A practice that was part of the book review world for some time now seems to be making a play for the wider world and slipping into game reviews as well. Specifically, the practice of paying web sites to review a mobile game
. The question here, of course, becomes should a developer pay for game reviews? The answer will prove to be as varied as developers themselves.
The practice seems to have its beginnings in the world of book review, where web sites were allowing authors to offer payment in return for what was called "expedited review". Because there were so many books coming in, some places believed, there was an opportunity to make some extra cash by promising those who paid a fee an opportunity to jump to the head of the line and get one of those valuable reviews, as well as exposure to the audience of the site or publication that ran the review.
Of course, some didn't much care for the thought of shelling out cash for what might well have ended up as a negative review--why pay to have someone tell their entire audience that the book in question was better served as kindling rather than reading material?--so then the practice of paying for positive reviews came out.
This kind of practice spread--even to this day movie reviewers are dogged by the practice called "junket whoring", in which reviewers are promised free access to celebrities, to special parties, to influential industry names and the like all in exchange for review consideration --throughout several industries, reaching the game industry
as well. Now, recent reports have come out about it reaching mobile games as well.
As for the question above, well, the answer is sort of a personal one. Those interested in paying for a review will likely get a review, and access to an audience. For those who think of it as little more than a form of advertising, they have a point. But it's important to note that, should the site in question be revealed as taking pay for reviews, the value of that review will be tainted in the public eye. By how much of the public eye is, of course, unknown, but the idea that a company paid for a good review is one that can derail a lot of good press and make it suspect.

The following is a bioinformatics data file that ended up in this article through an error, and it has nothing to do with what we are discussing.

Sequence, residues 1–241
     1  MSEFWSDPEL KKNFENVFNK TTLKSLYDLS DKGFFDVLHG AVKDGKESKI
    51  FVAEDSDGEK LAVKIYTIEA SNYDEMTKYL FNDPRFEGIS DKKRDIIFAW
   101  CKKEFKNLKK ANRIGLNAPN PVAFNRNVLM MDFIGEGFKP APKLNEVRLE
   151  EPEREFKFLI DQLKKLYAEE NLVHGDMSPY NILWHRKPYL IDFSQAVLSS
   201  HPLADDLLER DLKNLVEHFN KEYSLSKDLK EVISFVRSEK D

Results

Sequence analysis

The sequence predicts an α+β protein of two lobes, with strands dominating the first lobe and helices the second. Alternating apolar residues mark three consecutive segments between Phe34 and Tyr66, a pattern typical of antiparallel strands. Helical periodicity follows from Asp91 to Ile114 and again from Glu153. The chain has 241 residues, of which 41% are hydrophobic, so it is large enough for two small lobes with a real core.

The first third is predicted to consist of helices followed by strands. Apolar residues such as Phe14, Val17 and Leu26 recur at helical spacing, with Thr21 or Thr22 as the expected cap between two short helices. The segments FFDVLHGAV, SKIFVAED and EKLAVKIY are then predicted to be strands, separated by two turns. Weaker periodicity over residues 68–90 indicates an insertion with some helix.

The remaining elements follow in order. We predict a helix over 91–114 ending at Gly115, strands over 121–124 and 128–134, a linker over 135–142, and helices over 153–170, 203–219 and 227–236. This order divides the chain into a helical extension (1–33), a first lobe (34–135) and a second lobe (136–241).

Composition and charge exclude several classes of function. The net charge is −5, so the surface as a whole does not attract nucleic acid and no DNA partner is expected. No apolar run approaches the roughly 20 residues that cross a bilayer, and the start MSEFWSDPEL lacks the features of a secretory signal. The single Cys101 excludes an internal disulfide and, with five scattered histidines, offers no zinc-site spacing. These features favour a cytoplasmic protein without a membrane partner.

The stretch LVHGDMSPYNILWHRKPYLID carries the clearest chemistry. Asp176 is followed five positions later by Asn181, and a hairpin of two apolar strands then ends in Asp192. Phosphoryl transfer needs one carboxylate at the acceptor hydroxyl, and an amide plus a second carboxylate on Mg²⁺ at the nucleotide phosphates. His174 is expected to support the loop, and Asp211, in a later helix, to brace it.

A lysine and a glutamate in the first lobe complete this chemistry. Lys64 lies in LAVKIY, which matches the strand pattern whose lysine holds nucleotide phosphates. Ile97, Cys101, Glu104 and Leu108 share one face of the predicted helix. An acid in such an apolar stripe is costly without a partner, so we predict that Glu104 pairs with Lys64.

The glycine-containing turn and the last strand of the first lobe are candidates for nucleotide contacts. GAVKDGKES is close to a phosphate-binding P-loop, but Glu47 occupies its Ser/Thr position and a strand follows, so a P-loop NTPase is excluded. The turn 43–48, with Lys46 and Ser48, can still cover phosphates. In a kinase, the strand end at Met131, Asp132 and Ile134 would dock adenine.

The morality of it is an equally sticky question; after all, game sites have to make a living too, at least, their writers do. And with hundreds of new games emerging every year, getting them on the editorial calendar
is tough. Which games get the nod? Which are passed up? If it's a first come first served basis, a game site might well be reviewing games released years prior in a bid to get caught up. Trying to review every game that emerges would be impossible unless multiple reviews per day were published, something that smaller organizations simply can't do. So some would say that the practice of requesting a nominal fee for a review simply keeps out the truly low-rent and ensures that a game has at least some support behind it to make it worth reviewing.
Yet still, that specter of tainted review lies in wait; being a known shill--a common name for someone who takes payment for a positive review--is poisonous to the reputation. Being associated with a known shill is only slightly less poisonous.
So to answer the question: "Should you pay for a game review?", the best answer here is probably no. Some may consider it a kind of paid advertising, but the risks presented are a bit high, and some developers may well have trouble sleeping nights as a result of engaging in such a practice. There are other marketing angles to approach instead; consider these before paid review.